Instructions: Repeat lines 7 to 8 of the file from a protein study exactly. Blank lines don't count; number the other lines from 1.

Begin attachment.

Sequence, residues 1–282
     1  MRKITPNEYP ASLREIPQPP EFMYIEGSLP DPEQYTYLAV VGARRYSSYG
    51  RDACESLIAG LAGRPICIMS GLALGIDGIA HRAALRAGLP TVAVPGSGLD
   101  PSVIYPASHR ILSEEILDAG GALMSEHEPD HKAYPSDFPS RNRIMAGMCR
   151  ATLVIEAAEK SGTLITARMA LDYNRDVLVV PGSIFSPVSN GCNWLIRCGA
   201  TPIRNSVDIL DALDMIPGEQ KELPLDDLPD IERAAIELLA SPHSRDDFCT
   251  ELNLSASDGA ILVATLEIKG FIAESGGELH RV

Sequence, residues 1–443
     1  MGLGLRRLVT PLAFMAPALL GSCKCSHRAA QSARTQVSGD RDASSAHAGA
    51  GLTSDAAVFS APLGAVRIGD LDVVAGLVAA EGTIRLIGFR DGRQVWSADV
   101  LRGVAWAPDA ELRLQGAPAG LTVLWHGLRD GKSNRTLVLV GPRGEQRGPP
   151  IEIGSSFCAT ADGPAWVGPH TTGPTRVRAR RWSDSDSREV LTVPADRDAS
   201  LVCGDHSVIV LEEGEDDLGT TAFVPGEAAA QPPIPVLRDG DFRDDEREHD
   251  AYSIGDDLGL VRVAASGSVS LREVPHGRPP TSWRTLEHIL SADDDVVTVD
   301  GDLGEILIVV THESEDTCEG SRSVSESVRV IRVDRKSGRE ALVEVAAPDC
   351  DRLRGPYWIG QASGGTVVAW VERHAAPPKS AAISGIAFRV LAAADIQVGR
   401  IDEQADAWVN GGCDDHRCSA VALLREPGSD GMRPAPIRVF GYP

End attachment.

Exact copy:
   251  ELNLSASDGA ILVATLEIKG FIAESGGELH RV

Sequence, residues 1–443